Once nuclear-armed missiles and later nuclear-armed submarines joined the mix, the numbers and types of weapons grew dramatically. The very existence of the planet hung in the balance. There was no defense against nuclear attack. It became urgent that we learned how to manage these deadly arsenals so that they wouldn’t be used. The answers came from policymakers’ belief in game theory—a concept drawn from economics—as well as assumptions about what had worked in the past, and confidence in the rationality of your adversaries. The approaches to avoid the very catastrophe these weapons were built to unleash were described and conveyed in language that often had dark, absurdist undertones. Mutual Assured Destruction, or MAD, is the most famous, and perhaps most honest.
Studies found that Americans were deeply concerned about the devastation a nuclear war would entail. As nuclear stockpiles and threats grew, the public did “duck and cover” drills. But while there was widespread concern and fear, psychologists also discovered that people could at once be terrified about nukes and mollified into a weird acceptance of them. Consider this from a 1986 report on The Medical Implications of Nuclear War by Susan Fiske from the University of Massachusetts:
“Despite high levels of reported awareness about the issues, people report relatively little fear or worry … and most people take no action to prevent nuclear war. These contrasts have prompted the enduring puzzle variously called fear suppression, psychic numbing, denial, and apathy, which are attributed to people’s feelings of impotence, helplessness, inefficacy, and the like. The discrepancy between people’s nuclear understanding and their elusive emotional and behavioral concern continues to be a puzzle.”
Nuclear war is so terrible and awesome that the very thought of it stymies people from doing anything about it. That dynamic was aided by the continuous generation of words and phrases that sanitized and distanced people even further from reality. There were scores if not hundreds of phrases, words, and acronyms used to talk about nuclear bombs exploding (“stockpiles”), and nuclear war unfolding (“ladder of escalation; proportionate response”).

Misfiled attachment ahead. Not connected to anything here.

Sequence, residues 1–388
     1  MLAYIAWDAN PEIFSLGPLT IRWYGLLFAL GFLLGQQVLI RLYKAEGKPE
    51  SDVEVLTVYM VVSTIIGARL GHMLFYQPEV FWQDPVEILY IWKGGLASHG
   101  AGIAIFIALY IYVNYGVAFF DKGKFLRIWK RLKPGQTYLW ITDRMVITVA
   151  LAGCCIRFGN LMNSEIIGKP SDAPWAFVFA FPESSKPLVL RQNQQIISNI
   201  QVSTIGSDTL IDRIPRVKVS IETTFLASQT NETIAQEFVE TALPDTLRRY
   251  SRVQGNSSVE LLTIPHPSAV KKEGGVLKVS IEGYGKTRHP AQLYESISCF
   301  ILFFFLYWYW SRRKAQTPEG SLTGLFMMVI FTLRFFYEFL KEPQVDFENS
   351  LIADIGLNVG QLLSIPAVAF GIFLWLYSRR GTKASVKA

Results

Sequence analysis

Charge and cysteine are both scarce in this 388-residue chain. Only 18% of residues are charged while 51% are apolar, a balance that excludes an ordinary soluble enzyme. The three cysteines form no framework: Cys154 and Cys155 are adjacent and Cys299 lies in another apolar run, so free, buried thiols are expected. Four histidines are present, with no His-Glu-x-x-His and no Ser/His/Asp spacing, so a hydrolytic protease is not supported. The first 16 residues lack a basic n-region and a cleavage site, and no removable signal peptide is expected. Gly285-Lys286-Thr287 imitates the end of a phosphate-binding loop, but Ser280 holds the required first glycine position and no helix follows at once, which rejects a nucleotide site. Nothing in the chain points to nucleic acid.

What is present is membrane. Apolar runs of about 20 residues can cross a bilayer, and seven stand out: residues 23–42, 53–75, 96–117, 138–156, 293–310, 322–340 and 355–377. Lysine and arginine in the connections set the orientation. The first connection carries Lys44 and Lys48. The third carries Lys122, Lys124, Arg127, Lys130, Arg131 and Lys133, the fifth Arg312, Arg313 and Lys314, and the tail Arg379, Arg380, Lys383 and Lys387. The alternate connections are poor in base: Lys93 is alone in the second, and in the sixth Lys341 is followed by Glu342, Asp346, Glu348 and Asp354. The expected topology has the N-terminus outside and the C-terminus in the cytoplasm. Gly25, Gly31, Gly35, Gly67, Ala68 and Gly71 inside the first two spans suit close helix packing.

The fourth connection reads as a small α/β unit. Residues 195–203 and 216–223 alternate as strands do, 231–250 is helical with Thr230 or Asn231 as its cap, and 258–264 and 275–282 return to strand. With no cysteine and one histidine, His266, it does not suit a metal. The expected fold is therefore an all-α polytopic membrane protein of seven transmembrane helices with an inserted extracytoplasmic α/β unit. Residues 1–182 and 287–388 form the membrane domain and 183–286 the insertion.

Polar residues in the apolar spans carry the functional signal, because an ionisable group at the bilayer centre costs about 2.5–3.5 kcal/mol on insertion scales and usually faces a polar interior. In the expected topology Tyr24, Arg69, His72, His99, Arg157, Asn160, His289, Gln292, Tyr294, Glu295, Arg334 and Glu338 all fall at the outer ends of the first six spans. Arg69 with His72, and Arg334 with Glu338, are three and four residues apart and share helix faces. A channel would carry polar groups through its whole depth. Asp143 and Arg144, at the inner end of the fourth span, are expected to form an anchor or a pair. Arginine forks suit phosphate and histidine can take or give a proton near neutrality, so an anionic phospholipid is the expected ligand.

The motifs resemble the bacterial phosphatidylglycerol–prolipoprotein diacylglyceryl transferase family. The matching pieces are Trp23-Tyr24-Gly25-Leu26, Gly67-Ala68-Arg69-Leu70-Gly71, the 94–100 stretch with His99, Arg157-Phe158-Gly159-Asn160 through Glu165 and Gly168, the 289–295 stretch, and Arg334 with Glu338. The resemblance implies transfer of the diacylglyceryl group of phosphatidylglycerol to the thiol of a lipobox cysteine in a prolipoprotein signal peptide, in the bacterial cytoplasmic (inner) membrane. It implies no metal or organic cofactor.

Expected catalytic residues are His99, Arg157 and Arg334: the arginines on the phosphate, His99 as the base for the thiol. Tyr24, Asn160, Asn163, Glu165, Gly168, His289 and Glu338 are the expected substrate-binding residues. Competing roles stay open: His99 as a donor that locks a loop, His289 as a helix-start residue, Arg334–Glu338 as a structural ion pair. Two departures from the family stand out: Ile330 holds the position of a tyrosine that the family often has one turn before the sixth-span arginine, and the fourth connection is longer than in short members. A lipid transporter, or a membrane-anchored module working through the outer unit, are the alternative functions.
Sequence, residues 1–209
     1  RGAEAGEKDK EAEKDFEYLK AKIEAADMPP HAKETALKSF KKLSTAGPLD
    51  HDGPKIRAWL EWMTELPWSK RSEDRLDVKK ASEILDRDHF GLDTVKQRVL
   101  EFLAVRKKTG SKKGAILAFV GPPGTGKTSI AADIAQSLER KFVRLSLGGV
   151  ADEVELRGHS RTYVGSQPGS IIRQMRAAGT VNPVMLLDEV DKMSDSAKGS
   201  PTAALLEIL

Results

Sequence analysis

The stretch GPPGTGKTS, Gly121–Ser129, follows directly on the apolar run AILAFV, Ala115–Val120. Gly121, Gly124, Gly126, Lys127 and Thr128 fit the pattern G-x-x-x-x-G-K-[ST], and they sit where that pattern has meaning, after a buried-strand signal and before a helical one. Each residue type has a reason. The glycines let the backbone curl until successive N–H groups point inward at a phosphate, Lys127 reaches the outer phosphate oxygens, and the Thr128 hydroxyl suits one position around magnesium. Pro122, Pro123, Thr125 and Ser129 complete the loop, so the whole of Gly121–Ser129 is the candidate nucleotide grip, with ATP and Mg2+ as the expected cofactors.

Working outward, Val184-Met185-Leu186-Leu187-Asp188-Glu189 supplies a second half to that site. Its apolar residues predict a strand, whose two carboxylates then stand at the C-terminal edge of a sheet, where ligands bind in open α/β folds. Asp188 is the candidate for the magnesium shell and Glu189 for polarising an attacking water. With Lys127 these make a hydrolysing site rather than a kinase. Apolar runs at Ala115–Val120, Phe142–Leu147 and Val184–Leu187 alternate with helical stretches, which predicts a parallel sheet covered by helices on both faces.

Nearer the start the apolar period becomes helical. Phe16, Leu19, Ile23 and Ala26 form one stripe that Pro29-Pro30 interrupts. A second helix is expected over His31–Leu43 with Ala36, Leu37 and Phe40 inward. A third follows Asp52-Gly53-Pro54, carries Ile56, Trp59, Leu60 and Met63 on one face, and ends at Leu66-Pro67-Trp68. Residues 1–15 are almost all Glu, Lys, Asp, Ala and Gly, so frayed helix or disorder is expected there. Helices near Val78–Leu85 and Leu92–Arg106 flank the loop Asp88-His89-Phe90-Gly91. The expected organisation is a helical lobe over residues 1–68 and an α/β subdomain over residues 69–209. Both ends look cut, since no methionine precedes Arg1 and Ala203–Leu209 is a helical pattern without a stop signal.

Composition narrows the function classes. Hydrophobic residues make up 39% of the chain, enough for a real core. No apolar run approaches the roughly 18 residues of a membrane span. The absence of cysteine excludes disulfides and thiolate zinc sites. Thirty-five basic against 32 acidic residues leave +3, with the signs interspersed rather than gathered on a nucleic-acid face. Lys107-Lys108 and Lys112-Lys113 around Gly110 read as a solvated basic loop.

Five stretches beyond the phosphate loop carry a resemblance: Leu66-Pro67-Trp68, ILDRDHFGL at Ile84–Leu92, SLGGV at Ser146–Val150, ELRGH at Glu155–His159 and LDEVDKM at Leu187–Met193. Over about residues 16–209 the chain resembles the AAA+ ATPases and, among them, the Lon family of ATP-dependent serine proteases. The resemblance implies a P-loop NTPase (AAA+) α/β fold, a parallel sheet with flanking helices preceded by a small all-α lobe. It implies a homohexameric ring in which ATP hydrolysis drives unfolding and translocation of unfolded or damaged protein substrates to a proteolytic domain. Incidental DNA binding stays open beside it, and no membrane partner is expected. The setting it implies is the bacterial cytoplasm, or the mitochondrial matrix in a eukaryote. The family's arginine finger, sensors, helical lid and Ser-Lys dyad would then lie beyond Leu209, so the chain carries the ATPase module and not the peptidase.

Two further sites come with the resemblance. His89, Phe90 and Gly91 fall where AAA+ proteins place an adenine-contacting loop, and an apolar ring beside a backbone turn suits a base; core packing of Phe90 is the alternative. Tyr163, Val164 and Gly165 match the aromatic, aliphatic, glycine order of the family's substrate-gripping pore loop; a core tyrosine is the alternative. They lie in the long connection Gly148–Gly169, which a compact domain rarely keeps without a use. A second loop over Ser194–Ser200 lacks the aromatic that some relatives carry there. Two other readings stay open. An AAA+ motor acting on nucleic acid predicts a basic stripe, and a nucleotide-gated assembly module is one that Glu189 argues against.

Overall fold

This phenomenon was given a name in an article by Professor Edward Schiappa in 1989—“Nukespeak.” He wrote: “The moral and practical implications of nuclear war are ignored or underestimated by Nukespeak users, and nuclear policy issues are rendered trivial or less accessible to the public.”
OK, enough history. Where are we today?
The language surrounding nuclear weapons and war has not changed, despite the advent of instantaneous communications and massive social media platforms. If anything, it now combines the worst elements of trivializing the realities of nuclear war with the hubris and testosterone-laden schoolyard taunts that almost dare us to use them.
Consider our own National Nuclear Security Administration (NNSA). (Notice the word “security” rather than “weapons”?) The NNSA has an ongoing program to upgrade and prolong the operation of U.S. nuclear weapons. It’s called the “Life Extension Programs.” How’s that for Orwellian doublespeak? The first bomb to get this facelift is a gravity bomb carried on aircraft. Known as the B-61, it is categorized as a “tactical nuclear weapon.” Tactical connotes a limited, battlefield scale utility, right? But this bomb has a “yield” of up to 170 kilotons, roughly 15 times more powerful than the bomb that devastated Hiroshima. No normal person, reading of this in the news, will be able to decode this “tactical life extension” for what it is.